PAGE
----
Tuesday, March 4, 2014

Review - Starlight #1

"I feel like an idiot."

Death is never easy to cope with for those who live on, especially when that death comes to someone as close as a spouse. Regardless of what the person is doing or has done in life, a loss such as that hits hard and presents a bunch of questions asked of one's self. Typically though, the past actions aren't quite nearly as daring as those of Duke McQueen in Starlight #1 from Image Comics. The issue is written by Mark Millar, illustrated by Goran Parlov, colored by Ive Svorcina and lettered by Marko Šunjić.

Forty years ago, Duke McQueen was the space hero who saved the universe. In the present, he's faced with an empty house, thanks to his boys growing up and moving out and his wife's recent death, leaving him alone with nothing but memories. His stories are perceived as rantings of a lunatic and he's struggling to find some normalcy in the wake of his tragic loss. Things are going along about as well as can be expected, until a call comes from a distant world asking him back for his final and greatest adventure.

As a character, Duke McQueen is written by Millar with an impeccable sense of time; that is, he's confronted by two vastly different versions of himself. One version is the younger, more daring Duke, who saved a planet from a ruthless dictator and was heralded as a hero. The other is an older, more emotionally satisfied Duke, who married his best friend, raised two boys to be successful and seemed to enjoy life. It's not as if he's two different people at different points in his life; rather, his approach simply adapts to the life he's leading. Millar does a great job showing this dichotomy as well, weaving together his more dangerous exploits as a youth with the more mundane routines he's settled into. Losing one's spouse is a truly devastating event and while Duke's relative emptiness is appropriately masked by his desire to appear fine.

Parlov's illustrations present a brutish looking Duke, clearly physically capable of saving worlds whether he's young or old. The younger Duke carries a brash smile on his face throughout all his flashbacks, whereas the older Duke wears a sullen expression like an albatross around his neck. Many of the panels showing the tedium of everyday life feel sufficiently monotonous when compared to the extraterrestrial adventures, something which Parlov does well to further accent Millar's characterization of Duke. One thing that stands out about the characters otherwise is that Parlov tends to draw most of the faces as if they're looking down, which could be by design because of the gravity of the situation that brings them all together.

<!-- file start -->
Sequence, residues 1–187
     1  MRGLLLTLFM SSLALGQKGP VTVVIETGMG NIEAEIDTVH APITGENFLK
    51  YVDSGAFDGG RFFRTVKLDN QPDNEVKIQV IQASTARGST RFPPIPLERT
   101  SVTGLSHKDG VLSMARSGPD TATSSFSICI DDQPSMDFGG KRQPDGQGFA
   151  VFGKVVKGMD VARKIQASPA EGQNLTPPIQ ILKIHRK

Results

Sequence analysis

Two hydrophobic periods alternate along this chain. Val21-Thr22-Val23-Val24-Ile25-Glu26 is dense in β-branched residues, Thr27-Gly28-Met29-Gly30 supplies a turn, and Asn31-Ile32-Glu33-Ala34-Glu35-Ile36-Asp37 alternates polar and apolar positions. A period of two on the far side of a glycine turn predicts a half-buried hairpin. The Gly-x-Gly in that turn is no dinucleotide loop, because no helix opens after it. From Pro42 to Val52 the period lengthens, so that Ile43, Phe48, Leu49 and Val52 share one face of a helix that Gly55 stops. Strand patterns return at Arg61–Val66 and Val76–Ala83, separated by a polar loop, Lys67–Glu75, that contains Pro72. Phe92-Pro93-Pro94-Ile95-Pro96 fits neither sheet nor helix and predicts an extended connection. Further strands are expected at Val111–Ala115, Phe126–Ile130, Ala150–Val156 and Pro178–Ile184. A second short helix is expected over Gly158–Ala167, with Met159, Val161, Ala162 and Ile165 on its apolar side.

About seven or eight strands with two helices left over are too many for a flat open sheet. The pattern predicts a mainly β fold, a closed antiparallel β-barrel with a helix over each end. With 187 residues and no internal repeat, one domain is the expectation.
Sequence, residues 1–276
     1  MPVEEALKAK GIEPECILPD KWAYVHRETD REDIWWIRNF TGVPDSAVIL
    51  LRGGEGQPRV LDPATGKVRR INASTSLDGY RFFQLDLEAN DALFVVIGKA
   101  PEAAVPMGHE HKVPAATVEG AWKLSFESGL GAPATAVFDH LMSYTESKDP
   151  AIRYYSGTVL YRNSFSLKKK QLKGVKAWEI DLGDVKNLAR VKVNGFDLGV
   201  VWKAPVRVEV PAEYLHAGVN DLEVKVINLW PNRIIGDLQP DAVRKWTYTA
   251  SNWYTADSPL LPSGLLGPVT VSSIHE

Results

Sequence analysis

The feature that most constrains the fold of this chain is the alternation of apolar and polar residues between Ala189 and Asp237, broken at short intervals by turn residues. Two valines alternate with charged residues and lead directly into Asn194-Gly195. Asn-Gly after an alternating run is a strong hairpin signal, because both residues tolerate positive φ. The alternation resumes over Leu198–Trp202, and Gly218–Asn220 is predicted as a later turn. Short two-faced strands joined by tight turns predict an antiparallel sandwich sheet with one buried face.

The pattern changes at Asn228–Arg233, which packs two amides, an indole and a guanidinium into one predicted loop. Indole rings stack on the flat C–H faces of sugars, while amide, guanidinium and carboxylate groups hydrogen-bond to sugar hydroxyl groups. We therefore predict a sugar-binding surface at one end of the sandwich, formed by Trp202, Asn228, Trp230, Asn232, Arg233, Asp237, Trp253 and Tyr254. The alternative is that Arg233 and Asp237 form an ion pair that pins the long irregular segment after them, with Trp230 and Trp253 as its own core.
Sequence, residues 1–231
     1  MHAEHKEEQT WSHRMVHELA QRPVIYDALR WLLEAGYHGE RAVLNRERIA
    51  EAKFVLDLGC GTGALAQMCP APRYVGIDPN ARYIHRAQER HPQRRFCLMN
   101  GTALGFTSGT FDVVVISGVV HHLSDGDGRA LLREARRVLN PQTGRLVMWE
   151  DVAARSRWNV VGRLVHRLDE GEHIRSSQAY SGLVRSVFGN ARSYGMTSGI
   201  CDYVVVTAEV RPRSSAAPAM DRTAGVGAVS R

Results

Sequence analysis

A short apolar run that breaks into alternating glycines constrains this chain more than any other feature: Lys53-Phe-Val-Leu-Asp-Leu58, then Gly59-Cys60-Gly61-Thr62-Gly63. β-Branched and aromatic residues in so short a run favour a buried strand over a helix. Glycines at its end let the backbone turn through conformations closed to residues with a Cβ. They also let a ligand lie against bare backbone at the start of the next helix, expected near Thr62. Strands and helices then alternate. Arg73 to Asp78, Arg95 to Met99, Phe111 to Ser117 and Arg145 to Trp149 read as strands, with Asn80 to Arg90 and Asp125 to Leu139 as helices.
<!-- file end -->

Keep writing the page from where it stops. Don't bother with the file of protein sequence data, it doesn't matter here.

On its surface, Starlight #1 is a nod to John Carter and Flash Gordon. Once you dig a little deeper though, you'll see that Millar has infused the book with themes of mortality, relevance and the sense of one's place within the greater picture. Duke is a man who fought dragons and evil princes, but is flattened by the death of his wife. And the fact that he's viewed as something of a lunatic for his "stories" about the other planet only further motivates him to lead a normal life, something that's taken from him almost instantly. The art team handles the character very deftly and gives the reader a great sense of who Duke thinks he is and who others around Duke thinks he is. Starlight #1 could easily become just another stranger out of place space tale, but here's hoping Millar keeps it a bit more introspective than that.

Starlight #1 hits stores March 5 with interiors below.


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